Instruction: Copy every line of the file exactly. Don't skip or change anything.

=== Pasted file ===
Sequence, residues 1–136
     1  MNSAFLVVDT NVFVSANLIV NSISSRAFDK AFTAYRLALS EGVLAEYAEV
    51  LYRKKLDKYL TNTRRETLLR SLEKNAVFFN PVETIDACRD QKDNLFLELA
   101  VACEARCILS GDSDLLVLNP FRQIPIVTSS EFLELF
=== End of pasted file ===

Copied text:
Sequence, residues 1–136
     1  MNSAFLVVDT NVFVSANLIV NSISSRAFDK AFTAYRLALS EGVLAEYAEV
    51  LYRKKLDKYL TNTRRETLLR SLEKNAVFFN PVETIDACRD QKDNLFLELA
   101  VACEARCILS GDSDLLVLNP FRQIPIVTSS EFLELF